But whatever sense of injustice City felt, demonstrated by assistant manager Wayne Jacobs getting sent off from the dug out and Stuart holding a long conversation with Mathieson at full time, it should not disguise another poor response to adversity. A decent performance once again fell apart and the final 35 minutes did not make pretty viewing from a Claret and Amber perspective. Rochdale continued to attack with purpose while desperation became too quickly evident in City’s forward play. Having successfully harried home players into mistakes during the first half, it was now the away team who couldn’t get time on the ball.

A premature panic on the touchline didn’t help either. As soon as Le Fondre struck his first penalty a double substitution was made by Stuart which had little effect. I’ve been told all season that Stuart “never makes his subs early enough” – funny how Todd, Law, Jefferies, Jewell et all were just as bad at this – so maybe this action was applauded by some, but considering City hadn’t done a lot wrong up to then such drastic action seemed a bit much.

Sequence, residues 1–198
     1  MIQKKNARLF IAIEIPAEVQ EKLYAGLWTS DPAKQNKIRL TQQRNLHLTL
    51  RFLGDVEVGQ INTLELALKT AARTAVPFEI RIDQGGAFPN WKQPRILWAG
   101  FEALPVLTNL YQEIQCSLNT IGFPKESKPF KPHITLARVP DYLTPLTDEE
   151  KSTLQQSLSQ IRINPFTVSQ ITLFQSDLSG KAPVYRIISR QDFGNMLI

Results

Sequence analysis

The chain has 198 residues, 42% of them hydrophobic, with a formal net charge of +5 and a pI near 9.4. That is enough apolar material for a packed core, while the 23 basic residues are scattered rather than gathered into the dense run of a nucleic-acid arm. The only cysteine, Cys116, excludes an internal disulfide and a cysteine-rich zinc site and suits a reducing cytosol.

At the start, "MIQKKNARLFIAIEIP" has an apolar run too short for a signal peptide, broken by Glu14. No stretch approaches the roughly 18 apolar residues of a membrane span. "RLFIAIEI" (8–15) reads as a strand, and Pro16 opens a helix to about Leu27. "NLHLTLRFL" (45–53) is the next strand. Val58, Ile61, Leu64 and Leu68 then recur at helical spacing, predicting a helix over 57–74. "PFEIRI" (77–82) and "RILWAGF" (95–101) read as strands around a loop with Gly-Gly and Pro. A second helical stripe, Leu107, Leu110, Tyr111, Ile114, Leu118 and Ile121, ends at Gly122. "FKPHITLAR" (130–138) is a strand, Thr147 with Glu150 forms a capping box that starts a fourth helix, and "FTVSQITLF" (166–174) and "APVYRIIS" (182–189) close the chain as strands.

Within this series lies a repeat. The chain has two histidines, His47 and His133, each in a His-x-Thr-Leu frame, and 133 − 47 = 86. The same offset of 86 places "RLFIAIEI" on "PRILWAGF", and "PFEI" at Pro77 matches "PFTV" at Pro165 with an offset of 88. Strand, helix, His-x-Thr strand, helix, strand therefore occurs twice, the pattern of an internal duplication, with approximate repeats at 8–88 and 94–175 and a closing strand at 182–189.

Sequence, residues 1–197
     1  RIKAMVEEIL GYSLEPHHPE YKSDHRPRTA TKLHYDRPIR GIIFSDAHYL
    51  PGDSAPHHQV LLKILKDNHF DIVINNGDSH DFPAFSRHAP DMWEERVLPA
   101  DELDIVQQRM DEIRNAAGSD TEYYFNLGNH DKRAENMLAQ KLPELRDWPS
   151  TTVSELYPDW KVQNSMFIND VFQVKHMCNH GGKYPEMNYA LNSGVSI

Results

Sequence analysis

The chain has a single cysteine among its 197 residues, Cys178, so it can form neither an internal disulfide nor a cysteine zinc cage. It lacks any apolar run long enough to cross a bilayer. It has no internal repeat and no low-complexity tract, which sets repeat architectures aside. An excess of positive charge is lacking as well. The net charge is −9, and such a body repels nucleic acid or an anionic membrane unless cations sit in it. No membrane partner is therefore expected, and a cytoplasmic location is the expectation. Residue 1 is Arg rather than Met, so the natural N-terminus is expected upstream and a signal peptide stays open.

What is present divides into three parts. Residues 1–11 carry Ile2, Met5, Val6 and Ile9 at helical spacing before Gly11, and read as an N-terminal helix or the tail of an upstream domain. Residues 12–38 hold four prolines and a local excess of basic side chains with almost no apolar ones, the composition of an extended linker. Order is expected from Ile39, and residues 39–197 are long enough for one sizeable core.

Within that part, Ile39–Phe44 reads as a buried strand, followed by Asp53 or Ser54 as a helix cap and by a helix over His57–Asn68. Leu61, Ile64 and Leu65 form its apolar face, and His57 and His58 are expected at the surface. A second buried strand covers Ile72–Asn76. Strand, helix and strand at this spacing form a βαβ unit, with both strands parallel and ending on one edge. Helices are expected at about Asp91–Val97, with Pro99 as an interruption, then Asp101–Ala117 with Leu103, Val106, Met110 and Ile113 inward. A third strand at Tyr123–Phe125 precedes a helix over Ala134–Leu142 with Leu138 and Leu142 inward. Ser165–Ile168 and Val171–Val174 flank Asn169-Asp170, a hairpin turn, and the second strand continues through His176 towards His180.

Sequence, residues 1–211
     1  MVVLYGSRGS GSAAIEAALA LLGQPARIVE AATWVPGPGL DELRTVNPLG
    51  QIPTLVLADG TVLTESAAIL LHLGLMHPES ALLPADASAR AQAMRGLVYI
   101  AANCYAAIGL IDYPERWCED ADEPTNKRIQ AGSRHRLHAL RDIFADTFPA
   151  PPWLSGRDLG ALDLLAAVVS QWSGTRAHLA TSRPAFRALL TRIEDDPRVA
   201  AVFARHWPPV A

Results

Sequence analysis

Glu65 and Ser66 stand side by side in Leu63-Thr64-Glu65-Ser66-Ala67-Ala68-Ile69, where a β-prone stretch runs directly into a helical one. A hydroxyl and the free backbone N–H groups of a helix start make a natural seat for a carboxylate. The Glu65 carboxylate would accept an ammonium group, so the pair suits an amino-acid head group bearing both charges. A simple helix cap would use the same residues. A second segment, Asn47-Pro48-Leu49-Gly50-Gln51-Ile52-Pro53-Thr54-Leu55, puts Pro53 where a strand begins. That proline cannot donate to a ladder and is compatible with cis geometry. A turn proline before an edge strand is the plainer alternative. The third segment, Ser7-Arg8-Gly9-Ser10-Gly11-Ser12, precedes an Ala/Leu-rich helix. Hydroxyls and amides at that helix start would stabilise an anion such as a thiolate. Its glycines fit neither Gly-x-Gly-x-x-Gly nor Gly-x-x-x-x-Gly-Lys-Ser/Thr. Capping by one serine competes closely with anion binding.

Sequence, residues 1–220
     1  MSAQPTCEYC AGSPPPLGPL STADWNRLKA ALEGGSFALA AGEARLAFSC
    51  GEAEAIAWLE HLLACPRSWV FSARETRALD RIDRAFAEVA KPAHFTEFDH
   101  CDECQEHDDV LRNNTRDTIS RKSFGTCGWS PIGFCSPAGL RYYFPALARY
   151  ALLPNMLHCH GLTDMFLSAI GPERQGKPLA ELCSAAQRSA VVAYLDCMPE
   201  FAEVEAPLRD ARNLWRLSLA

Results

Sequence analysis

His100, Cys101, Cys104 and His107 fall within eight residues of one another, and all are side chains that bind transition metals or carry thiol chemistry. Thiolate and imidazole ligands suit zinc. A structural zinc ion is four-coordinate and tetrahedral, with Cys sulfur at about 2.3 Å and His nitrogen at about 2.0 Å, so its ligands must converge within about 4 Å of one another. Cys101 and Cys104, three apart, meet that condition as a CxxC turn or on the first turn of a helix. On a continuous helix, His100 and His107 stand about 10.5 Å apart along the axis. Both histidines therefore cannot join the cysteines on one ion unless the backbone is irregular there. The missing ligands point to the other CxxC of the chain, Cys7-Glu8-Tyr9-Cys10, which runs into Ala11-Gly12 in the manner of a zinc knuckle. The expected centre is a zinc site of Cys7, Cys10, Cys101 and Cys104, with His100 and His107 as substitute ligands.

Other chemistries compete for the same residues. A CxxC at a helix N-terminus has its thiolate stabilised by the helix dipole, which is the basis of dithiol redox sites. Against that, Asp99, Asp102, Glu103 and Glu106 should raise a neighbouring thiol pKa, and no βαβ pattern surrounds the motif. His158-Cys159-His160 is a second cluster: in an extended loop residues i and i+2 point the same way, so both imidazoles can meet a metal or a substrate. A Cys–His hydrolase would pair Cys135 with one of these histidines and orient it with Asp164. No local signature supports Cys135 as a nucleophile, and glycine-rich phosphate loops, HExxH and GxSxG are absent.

Certainly Conlon was unfortunate to be taken off and, though his replacement Boulding was a willing worker, the ball stopped sticking in the final third. Substituting Colbeck was probably the right decision, though some of the abuse he is getting from some fans right now is unfair. Somehow last season’s player of the year has become the “worst player ever” and jumping up to scream when he struggles to keep an attack going is hardly going to help him rediscover confidence that has been lost since returning from a first significant career injury.